Dolgopolov vs. Gonzalez:  Surging to the quarterfinals of the Australian Open, Dolgopolov demonstrated lithe movement and smooth stroke production in addition to an uncanny feel for the ball.  But the Ukrainian has produced inconsistent results since that achievement, revealing an indifferent sense of point construction and shot selection.  The grass should showcase his delicate touch around the net, although his movement will prove a less valuable tool.  Returning from a potentially career-ending surgery, Gonzalez has alternately soared and staggered even more sharply.  Not at his most comfortable on this surface, the Australian Open finalist and Olympic silver medalist possesses a fiercer weapon in his forehand than anything that Dolgopolov can deploy.  If the Ukrainian can find his backhand with his own crisp two-hander, though, he can neutralize the Chilean’s power.  Built upon brief, almost casual motions, both serves can oscillate as much as the rest of their games.  Thrusting Tsonga deep into a fifth set here last Wimbledon, Dolgopolov may deliver another dramatic rollercoaster this year.

Nishikori vs. Hewitt:  Surely soon to vanish into the mists of tennis history is the last man to win Wimbledon before Federer planted his standard on Centre Court.  Nine years and several surgeries later, Hewitt no longer ranks among the contenders but can reflect upon memories as recent as his upset of Del Potro here in 2009.  Unfortunate to draw eventual champion Nadal in his 2010 opener, Nishikori has developed a style similar to Hewitt in his prime with sturdy technique, compact strokes, and mental durability.  With serves little better than point-starting shots, these players might engage in longer rallies than those often seen on grass.  In addition to their backwards caps and counterpunching tenacity, Hewitt and Nishikori share brisk cross-court backhands that exploit the geometry of the court.

Ana Ivanovic - AEGON Classic - Day Six

Ivanovic vs. Oudin:  A first-round victim in three of the last four majors, the former #1 has not reached a Slam quarterfinal since her title at Roland Garros 2008.  Nevertheless, she has recorded solid results at non-majors with sufficient frequency to stabilize her ranking inside or slightly outside the top 20.  After her 2009 US Open quarterfinal, meanwhile, Oudin has plunged off the tennis radar as swiftly as she burst upon it.  Two years ago, both players reached the second week here, and both gain contrasting benefits from the grass. Striking sixteen aces in a Birmingham semifinal, Ivanovic benefits from the surface’s short points and will hope to crack plentiful return winners off Oudin’s unimposing serve.  Like many tall players, though, the Serb sometimes struggles to adjust to the low bounce on grass, which rewards her opponent’s compact stature.  Both Ana and the American vastly prefer their forehands to their backhands, so each should target the other’s weaker wing with inside-out strikes of their weapons.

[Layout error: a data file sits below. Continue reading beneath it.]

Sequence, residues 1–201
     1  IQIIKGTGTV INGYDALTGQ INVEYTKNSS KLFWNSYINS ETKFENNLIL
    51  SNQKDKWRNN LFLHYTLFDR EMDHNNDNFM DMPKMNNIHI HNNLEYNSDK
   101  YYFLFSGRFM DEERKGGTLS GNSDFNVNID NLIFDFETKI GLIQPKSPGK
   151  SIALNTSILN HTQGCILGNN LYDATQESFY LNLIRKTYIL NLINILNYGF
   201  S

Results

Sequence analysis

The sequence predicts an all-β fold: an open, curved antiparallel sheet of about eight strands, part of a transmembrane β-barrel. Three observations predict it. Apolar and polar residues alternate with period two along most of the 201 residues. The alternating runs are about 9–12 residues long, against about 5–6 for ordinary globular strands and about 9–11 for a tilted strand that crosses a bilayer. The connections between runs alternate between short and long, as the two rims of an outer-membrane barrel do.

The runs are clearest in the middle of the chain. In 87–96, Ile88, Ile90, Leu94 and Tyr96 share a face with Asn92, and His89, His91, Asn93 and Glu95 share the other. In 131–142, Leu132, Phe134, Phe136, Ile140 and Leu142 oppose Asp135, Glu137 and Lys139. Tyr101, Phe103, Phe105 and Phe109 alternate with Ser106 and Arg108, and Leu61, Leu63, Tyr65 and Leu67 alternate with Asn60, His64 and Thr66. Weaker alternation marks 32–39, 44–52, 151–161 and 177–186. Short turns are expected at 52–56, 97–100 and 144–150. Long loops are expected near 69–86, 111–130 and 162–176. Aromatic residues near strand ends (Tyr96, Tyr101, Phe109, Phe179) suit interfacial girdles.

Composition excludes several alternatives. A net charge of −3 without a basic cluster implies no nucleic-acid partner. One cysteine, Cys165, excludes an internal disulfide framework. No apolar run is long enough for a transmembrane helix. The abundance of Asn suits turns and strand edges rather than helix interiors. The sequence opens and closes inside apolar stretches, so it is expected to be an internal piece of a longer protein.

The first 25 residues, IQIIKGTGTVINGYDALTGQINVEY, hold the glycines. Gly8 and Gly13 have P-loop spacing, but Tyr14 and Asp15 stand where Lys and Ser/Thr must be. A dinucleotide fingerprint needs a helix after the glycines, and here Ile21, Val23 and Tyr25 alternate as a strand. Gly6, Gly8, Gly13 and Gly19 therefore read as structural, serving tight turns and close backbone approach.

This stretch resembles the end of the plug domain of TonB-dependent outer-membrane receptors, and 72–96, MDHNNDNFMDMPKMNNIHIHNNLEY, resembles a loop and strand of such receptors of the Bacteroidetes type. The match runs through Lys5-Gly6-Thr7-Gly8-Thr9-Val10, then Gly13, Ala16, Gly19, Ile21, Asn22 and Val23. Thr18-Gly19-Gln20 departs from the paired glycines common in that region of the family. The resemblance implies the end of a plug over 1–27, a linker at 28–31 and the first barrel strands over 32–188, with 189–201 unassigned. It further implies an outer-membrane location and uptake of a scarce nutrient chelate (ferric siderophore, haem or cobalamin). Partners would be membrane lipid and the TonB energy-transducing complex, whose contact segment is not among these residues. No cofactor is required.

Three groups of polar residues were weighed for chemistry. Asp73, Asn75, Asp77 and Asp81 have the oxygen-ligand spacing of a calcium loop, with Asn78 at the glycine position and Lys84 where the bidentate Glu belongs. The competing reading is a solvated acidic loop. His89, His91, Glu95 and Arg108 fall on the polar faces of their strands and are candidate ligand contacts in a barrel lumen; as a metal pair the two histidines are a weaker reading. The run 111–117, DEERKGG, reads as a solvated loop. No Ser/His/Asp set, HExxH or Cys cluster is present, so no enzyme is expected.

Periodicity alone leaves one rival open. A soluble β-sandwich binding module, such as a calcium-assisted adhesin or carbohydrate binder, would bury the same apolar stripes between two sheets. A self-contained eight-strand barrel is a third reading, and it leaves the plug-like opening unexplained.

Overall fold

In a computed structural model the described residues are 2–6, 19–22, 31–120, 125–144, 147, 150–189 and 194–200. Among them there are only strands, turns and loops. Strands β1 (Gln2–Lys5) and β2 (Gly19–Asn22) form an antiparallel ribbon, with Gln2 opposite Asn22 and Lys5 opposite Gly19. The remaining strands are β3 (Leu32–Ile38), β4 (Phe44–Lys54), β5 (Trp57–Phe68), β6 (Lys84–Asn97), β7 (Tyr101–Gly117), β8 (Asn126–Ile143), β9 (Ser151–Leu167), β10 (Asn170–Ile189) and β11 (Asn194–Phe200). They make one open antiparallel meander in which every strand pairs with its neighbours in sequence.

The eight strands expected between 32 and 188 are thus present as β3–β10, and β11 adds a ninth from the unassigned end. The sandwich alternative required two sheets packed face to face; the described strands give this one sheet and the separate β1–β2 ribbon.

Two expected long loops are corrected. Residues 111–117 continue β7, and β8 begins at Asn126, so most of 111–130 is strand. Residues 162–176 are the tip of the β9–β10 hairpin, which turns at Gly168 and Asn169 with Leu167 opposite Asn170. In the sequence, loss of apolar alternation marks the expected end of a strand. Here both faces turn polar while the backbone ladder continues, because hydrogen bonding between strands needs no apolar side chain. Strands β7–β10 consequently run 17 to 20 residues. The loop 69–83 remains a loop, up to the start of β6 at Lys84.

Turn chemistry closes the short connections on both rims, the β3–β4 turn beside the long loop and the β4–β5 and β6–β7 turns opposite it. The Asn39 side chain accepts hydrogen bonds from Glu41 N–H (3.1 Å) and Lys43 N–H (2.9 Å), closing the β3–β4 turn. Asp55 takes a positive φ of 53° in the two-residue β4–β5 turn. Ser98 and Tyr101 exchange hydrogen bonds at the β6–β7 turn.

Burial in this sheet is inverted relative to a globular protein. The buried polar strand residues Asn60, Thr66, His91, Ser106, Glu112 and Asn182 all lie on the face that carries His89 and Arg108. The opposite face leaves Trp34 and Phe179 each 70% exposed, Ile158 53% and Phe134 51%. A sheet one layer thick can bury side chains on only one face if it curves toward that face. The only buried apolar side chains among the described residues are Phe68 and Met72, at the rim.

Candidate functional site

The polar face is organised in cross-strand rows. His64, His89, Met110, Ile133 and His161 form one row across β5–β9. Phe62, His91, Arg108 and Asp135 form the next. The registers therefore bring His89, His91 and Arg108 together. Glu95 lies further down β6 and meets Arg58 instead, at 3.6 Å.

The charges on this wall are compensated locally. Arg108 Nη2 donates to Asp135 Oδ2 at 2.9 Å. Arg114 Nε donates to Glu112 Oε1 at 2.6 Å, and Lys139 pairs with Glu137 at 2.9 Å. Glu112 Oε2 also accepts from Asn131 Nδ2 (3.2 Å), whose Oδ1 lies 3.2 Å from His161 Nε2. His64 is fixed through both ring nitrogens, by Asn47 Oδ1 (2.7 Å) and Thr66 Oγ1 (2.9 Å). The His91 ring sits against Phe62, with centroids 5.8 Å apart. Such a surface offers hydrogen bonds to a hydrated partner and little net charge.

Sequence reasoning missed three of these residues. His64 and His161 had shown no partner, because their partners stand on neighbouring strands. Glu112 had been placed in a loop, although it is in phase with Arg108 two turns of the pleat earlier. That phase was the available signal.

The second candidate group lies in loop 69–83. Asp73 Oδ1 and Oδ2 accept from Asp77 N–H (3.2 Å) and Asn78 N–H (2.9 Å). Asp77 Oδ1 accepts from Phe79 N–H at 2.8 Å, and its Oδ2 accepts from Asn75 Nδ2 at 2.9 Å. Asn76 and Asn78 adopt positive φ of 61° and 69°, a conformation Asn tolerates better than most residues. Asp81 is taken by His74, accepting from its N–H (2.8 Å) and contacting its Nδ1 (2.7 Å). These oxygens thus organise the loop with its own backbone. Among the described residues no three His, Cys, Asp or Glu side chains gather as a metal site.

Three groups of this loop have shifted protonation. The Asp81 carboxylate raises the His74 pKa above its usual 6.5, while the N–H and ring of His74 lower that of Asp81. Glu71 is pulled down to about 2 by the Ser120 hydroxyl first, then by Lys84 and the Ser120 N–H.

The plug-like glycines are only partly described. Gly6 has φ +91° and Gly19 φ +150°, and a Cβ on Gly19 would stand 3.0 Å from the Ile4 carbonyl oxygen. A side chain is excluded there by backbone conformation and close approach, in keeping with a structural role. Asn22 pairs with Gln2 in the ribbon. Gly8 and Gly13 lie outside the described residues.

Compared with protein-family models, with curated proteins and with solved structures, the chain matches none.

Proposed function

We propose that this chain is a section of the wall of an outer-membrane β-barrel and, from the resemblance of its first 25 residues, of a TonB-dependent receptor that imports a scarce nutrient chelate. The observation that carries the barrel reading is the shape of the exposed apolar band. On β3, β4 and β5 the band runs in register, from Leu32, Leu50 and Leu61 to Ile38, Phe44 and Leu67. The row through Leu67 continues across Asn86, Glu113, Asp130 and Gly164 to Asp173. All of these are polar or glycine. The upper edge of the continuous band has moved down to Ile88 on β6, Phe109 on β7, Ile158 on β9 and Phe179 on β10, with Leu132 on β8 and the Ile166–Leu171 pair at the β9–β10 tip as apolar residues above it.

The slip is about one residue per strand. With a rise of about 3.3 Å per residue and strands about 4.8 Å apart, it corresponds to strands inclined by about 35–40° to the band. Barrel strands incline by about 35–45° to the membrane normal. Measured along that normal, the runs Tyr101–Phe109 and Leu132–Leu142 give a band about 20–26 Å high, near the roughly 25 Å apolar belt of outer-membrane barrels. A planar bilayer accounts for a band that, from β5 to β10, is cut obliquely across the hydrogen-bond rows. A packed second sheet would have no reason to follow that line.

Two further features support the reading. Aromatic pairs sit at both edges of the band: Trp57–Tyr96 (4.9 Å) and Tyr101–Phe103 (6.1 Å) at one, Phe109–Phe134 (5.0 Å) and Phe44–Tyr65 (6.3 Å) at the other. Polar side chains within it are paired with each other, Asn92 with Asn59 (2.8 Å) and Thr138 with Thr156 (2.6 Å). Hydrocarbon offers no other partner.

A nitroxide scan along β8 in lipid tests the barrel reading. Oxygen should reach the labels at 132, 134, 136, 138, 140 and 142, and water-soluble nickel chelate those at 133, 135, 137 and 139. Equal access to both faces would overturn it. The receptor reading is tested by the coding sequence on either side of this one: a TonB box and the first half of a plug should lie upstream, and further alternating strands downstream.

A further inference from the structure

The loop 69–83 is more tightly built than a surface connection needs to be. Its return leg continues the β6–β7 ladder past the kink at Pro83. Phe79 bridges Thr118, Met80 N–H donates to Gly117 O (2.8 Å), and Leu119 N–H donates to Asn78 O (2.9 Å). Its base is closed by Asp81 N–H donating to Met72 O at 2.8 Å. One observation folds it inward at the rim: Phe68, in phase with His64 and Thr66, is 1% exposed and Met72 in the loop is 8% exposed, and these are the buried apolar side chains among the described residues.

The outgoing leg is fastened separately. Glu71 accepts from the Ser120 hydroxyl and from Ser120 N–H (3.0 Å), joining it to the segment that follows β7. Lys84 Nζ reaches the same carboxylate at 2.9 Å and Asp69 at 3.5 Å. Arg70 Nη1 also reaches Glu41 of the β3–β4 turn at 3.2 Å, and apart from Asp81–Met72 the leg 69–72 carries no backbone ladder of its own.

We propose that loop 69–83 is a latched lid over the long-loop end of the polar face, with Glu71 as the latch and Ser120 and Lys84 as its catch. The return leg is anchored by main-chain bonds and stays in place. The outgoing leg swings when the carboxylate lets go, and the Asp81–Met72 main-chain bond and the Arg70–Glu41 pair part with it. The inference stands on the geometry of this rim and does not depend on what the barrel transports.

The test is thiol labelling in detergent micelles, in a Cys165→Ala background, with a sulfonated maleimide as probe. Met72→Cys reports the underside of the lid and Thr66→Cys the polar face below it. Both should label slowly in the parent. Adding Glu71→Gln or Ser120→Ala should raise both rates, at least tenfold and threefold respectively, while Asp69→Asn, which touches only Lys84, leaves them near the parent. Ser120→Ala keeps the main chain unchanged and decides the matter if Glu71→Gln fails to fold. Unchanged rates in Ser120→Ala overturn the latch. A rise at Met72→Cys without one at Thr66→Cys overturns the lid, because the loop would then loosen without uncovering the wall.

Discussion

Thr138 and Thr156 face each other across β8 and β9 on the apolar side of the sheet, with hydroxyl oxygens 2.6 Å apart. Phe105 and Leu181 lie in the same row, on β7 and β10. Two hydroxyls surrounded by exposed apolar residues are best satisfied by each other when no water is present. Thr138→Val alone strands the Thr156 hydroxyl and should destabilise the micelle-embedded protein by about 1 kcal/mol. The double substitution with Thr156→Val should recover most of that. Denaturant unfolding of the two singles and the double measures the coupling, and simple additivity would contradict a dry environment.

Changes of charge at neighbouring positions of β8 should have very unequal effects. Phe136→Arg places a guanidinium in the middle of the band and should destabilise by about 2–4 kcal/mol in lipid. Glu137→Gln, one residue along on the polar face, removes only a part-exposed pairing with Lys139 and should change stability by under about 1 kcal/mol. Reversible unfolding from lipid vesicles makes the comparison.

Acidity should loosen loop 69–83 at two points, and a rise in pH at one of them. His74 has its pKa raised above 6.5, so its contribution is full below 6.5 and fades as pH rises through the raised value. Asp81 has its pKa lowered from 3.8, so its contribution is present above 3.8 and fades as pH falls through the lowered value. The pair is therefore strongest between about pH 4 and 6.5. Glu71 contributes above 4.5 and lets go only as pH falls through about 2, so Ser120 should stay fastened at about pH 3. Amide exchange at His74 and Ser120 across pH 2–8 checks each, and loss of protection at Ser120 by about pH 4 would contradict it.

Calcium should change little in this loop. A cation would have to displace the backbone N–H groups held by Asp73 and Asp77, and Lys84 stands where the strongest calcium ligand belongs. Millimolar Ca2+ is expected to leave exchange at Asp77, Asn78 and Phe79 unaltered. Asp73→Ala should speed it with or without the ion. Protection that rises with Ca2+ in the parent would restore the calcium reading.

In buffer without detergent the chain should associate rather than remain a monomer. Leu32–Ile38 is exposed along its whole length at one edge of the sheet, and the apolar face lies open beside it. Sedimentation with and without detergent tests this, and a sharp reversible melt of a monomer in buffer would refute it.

Sharapova vs. Chakvetadze:  The only former champion in the draw not named Williams, Sharapova ascended to the status of a leading contender after her Roland Garros semifinal.  Seeking her first Wimbledon quarterfinal since 2006, the 2004 champion confronts an opponent whom she has dispatched in all seven of their previous meetings.  After a giddy ascent to the top 5 four years ago, Chakvetadze tumbled to a sub-100 ranking in the wake of a house robbery and a disintegrating serve.  Impressive on the clay when few expected anything notable from her, Sharapova must continue her progress with those expectations now renewed.  Choosing to rest rather than enter Birmingham as usual, she has practiced at Wimbledon for over a week but still lacks any match practice on grass.  Chakvetadze may have an opportunity to exploit that lingering rust early in the match before Sharapova, a habitually slow starter, finds her range and starts to spray chalk around Centre Court.

Cibulkova vs. Lucic:  Yet another retiree who fancied a comeback, a woman who once defeated Seles at Wimbledon aims to recapture that magic of more than a decade ago.  After an encouraging clay campaign, Lucic garnered a pair of wins in Birmingham as her serve struck its targets with increasing precision.  That crucial shot still disintegrates occasionally, though, producing strings of double faults without warning.  A steadier competitor who lacks the Croat’s first-strike power, Cibulkova may find her short wingspan threatened on returns but should outlast Lucic if she can survive the first few shots of the rally.  Despite defeating Kuznetsova en route to the Dutch Open semifinals, the Slovak has found grass her least productive surface and has won only four matches in four Wimbledon appearances—fewer than her opponent won during her signature run in 1999.